Opinion: This just in: Our enemies hate us


I never thought I’d ever be texting with one of my kids about bombs and bomb shelters. But there I was last week, texting back and forth with my daughter, Shanni — who is studying at the Interdisciplinary Center (IDC) in Herzliya and was driving with friends to a Purim event in the south when Palestinian bombs started falling. I was pleading with her to be careful and only go where there was a bomb shelter.

For years I’d tried to imagine what my friends in Israel go through when their children are fighting in wars or are exposed to terror. Now I was experiencing, on a much smaller scale, my own little “Israeli moment.” It had a clarifying effect.

Here’s what it clarified: Fear for my daughter’s safety makes me long for a war that would eliminate the threat once and for all, but also for a peace that would do the same.

In other words, I long for anything — war or peace — that will keep my daughter safe.

But there’s a difference between the two sentiments: When I long for war, I am saddened, even slightly depressed, that it might come to that. Still, I feel like a grown-up facing up to a very painful reality.

When I long for peace, I feel elevated to the highest ideals of my tradition, like a poet dreaming great dreams, or a preacher appealing to the divine in all of us.

But I also feel like an idiot, like a spoiled kid banging on the table and screaming: “Why won’t our enemies make peace with us?”

Well, kid, maybe because they really, really hate us.

There was plenty of Jew hatred on display last month when Lara Friedman, one of the leaders of Americans for Peace Now, attended the Arab League’s conference on Jerusalem in Doha. I wonder if Friedman felt like that frustrated kid as she walked around the conference and asked herself: “Why do they hate us so much?”

As she wrote in The Forward about her experience: “All throughout the day, it was unfortunately the same story. Participants talked about Jerusalem as if Jewish history did not exist or was a fraud — as if all Jewish claims in the city were just a tactic to dispossess Palestinians.”

She seemed especially disappointed that the Israel hate fest included the “moderate” Mahmoud Abbas: “If President Abbas cannot acknowledge Jewish claims in Jerusalem, even as he asserts Palestinian claims (a problem Yasser Arafat suffered from), he should not be surprised if it is more difficult for Israelis and Jews, wherever they are, to believe that he can be trusted in a peace agreement that leaves Jerusalem sites precious to Jews under Palestinian control.”

Jonathan Tobin, in the Commentary blog, gave Friedman credit for “having the wit to notice that just about everybody else there was focused on delegitimizing Israel, denouncing its existence within any borders and denying thousands of years of Jewish history.” But then he asks: “What will it take to convince supporters of Peace Now the imperative of their organization’s name depends on the Arabs rather than the Jews?”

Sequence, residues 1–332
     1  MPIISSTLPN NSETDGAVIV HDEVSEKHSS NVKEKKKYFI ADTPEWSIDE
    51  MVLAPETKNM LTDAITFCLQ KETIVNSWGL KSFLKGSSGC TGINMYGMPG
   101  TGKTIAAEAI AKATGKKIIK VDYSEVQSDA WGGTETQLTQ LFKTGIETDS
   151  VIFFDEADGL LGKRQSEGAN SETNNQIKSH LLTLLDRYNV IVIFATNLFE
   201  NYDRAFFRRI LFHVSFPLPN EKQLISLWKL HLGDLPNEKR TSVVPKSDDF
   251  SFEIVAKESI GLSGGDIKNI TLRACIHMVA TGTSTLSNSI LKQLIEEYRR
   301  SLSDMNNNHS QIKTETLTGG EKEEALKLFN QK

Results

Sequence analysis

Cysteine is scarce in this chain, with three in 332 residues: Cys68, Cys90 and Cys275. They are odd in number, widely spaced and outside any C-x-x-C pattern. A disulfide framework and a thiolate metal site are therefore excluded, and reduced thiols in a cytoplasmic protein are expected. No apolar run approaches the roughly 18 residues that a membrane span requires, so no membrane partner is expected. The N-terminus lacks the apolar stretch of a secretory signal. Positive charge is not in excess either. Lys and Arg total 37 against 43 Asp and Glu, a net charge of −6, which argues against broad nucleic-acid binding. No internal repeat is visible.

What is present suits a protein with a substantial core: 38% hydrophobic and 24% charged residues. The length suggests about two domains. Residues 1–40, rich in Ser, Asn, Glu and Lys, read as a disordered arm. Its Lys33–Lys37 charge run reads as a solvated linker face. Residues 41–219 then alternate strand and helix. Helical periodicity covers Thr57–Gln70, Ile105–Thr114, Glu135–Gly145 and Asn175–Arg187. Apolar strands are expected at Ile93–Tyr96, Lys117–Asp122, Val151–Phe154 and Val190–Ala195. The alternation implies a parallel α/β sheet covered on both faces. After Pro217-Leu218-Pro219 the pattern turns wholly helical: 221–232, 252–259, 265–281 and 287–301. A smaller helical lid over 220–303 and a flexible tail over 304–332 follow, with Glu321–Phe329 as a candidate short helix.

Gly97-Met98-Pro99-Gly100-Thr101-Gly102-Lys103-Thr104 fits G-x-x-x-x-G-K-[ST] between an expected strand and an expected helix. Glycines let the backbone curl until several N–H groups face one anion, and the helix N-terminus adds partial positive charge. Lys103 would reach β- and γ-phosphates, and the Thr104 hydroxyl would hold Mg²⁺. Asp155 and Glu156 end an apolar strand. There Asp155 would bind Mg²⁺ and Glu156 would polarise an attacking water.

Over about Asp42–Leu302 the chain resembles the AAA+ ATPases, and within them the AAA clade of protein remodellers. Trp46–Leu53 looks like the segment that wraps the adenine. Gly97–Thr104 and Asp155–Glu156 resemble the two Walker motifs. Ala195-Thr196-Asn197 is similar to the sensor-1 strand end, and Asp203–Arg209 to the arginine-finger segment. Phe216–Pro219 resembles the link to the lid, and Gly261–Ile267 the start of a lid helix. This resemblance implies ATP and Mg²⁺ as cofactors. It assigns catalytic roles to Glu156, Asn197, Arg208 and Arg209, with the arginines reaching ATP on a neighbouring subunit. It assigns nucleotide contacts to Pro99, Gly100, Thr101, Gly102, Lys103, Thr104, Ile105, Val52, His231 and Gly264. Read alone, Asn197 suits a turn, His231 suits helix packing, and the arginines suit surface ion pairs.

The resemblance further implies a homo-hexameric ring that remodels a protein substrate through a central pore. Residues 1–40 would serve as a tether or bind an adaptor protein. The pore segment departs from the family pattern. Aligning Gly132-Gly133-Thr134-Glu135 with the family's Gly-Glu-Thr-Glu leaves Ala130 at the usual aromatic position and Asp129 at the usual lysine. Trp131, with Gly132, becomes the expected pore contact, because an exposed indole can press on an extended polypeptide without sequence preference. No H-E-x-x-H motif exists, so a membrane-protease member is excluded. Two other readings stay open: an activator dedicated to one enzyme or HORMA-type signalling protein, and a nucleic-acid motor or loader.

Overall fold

Tobin adds: “She [Friedman] and her group had so convinced themselves all it will take to create peace ‘now’ was for Israelis to support a two-state solution and negotiate, it appears they never took the time or effort to realize the other side has little interest in peace, now or at any other time.”

I also wonder what went through the mind of professor Norman Finkelstein, one of Israel’s harshest critics and a passionate advocate for the Palestinian cause, when he lashed out last month at a Palestinian activist who was interviewing him about the boycott, divestment and sanctions (BDS) movement.

In the video, Finkelstein has a “dayenu” moment when he challenges the goal of the BDS movement: “They’re not really talking about rights. They are talking about destroying Israel. In fact, I think the Israelis are right. That’s true. I’m not going to lie.”

For anyone who has cringed over the years at the nastiness of Finkelstein’s verbal assaults on Israel, the video is a remarkable portrayal of what happens when an ugly truth simply can no longer be ignored. Finkelstein, despite his support for the BDS movement, is forced to admit this painful reality: “We have to be honest, and I loathe the disingenuousness. They don’t want Israel.”

That’s right, they don’t want Israel, just like Iranian President Mahmoud Ahmadinejad doesn’t want Israel, and just like Mahmoud Abbas rejects any Jewish connection to Jerusalem.

But what should we do with such inconvenient truths?

For starters, we should call them what they are: truths. The deep-seated Arab animosity toward the Jewish state is a painful truth that predates the settlements by decades. Let’s hope it is not a permanent truth, but for now it is profoundly relevant and must be integral to Israel’s strategic thinking.